Appalachia Appalachia Through My Eyes

Appalachia Through My Eyes – I Bring You A Branch Of May


~I’ve been awandering all the night, And the best part of the day. Now I’m returning home again. I bring you a branch of May.

~A branch of May, my love, I say As at your door I stand; It’s nothing but a sprout, but it’s well budded out By the work of the Lord’s own hand.

~My song is done and I must be gone, I can no longer stay; God bless you all, both great and small And send you a joyful May.

The perfect song for May don’t you think?

Tipper

Appalachia Through My Eyes – A series of photographs from my life in Southern Appalachia.

 

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17 Comments

  • Reply
    Ethel
    May 9, 2011 at 11:48 am

    Ah, May! I am enjoying a vase of lilacs right now! Love the old pagan traditions, sad so many of them have been lost, though I understand that May Day was celebrated in this area in Victorian times. If you haven’t heard Mummer’s Dance (quoted above by Elizabeth K.), it is breath-takingly beautiful!

  • Reply
    Becky
    May 8, 2011 at 5:25 pm

    Yes, I do and if I were near you I’d deliver a branch of May to your door.

  • Reply
    Ferne Kellow
    May 7, 2011 at 1:44 am

    When I was growing up out here in Oregon, it was the custom to make paper baskets and fill them with both wild and tame flowers on May Day. Then, we took them around to the neighbor’s and hung them on their door knobs. After that, we rang their bell or knocked and then ran away. Children were still following this custom when I was a young adult. However, as far as I know, no one does it any more. It’s a shame.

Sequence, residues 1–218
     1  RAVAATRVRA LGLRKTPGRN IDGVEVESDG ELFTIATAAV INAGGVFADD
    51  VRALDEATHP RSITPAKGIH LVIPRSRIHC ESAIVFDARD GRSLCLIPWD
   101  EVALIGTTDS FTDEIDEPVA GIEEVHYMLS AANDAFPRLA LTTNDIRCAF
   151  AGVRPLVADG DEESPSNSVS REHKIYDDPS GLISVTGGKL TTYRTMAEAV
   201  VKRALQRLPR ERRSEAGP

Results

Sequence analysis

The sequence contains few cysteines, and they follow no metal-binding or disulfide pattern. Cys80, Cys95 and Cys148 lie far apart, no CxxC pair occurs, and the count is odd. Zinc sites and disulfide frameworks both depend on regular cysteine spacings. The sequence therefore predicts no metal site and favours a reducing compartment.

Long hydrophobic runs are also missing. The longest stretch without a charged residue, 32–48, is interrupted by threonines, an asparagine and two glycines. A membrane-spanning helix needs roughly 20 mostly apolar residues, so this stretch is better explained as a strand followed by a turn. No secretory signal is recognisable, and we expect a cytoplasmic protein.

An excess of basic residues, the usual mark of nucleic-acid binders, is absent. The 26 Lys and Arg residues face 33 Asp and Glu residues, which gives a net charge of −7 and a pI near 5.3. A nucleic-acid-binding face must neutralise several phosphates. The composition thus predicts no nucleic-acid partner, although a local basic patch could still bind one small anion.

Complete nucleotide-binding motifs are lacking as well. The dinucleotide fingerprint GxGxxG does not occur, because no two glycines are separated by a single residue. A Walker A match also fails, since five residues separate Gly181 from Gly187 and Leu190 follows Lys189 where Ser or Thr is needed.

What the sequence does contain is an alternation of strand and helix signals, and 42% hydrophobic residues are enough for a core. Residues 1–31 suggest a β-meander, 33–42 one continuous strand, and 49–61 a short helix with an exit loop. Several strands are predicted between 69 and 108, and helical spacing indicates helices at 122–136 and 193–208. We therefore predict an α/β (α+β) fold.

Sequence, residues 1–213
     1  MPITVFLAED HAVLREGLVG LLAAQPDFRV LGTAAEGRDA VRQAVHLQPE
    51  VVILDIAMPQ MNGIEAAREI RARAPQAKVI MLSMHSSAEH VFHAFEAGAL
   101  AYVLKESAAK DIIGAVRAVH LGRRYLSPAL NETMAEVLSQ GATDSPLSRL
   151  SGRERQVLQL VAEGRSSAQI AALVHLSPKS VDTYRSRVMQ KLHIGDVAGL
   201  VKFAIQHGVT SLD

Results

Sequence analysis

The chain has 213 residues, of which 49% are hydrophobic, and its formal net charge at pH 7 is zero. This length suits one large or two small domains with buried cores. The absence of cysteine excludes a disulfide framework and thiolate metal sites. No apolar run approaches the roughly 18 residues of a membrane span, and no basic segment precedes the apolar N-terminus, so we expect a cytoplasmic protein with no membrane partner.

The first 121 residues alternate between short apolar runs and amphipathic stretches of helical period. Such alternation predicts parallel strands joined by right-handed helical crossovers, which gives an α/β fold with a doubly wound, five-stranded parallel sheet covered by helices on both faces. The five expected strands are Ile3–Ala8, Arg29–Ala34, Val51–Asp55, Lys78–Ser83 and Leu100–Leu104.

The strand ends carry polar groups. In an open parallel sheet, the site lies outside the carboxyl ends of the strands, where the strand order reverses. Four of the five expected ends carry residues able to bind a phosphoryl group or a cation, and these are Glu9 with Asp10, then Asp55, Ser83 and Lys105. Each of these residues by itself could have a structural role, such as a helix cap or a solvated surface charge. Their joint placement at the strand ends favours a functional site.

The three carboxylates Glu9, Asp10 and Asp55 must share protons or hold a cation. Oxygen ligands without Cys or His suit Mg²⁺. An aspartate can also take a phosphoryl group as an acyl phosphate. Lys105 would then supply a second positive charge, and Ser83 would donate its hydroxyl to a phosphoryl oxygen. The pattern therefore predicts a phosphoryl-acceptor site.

• Reply
    Suzi Phillips
    May 6, 2011 at 10:27 pm

    May is such a beautiful month-what a perfect song to celebrate it!

  • Reply
    Tipper
    May 6, 2011 at 5:43 pm

    Jim-thats exactly what the organge flowers are : )
    Blind Pig The Acorn
    Music, Giveaways, Mountain Folk
    All at http://www.blindpigandtheacorn.com

  • Reply
    Tipper
    May 6, 2011 at 5:41 pm

    Elizabeth-Thank you for the comment-I love the words to the version youve heard. The version I used is the Kentucky version from the Ritchie Family of Perry County, KY.
    Blind Pig The Acorn
    Music, Giveaways, Mountain Folk
    All at http://www.blindpigandtheacorn.com

  • Reply
    Anastasia
    May 6, 2011 at 2:59 pm

    This song has brought back happy memories of my childhood. I can still picture myself collecting flowers from our garden and making May wreaths which we’d hang at the front door on May 1st as tradition has it in my part of the world. But for the last 20 years or so I’ve been suffering from hay fever and, as a result, I no longer make May wreaths.

  • Reply
    Uncle Al
    May 6, 2011 at 2:14 pm

    Very fitting words for the time Tipper. Pretty wild flowers. We have a quarter acre “meadow” of purple and yellow flowers..the purples are like long trumpets and yellows are similar to stars… By the way hope you have a wonderful Mother’s Day!

  • Reply
    martina